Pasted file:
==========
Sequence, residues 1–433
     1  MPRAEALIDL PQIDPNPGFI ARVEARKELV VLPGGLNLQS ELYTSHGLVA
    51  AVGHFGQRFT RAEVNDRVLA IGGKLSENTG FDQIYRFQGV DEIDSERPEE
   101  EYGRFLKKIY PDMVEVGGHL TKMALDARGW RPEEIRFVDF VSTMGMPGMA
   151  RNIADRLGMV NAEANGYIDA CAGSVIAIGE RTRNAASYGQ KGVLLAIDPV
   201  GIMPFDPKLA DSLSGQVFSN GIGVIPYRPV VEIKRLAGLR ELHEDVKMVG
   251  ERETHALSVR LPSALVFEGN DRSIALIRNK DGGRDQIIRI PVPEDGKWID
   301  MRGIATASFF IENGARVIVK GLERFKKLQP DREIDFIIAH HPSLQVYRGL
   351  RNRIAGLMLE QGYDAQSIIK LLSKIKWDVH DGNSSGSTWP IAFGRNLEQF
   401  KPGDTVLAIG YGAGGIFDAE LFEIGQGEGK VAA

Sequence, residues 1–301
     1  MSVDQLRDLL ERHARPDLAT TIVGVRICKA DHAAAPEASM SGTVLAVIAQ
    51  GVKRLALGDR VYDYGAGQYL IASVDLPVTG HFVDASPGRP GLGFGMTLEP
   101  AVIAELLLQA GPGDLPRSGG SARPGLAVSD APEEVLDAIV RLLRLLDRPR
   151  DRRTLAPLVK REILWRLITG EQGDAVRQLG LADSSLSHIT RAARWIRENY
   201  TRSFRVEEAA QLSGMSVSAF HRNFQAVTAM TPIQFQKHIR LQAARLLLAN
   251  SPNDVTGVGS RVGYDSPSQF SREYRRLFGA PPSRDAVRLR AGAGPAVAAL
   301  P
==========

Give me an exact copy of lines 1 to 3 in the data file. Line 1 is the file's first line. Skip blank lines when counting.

Sequence, residues 1–433
     1  MPRAEALIDL PQIDPNPGFI ARVEARKELV VLPGGLNLQS ELYTSHGLVA
    51  AVGHFGQRFT RAEVNDRVLA IGGKLSENTG FDQIYRFQGV DEIDSERPEE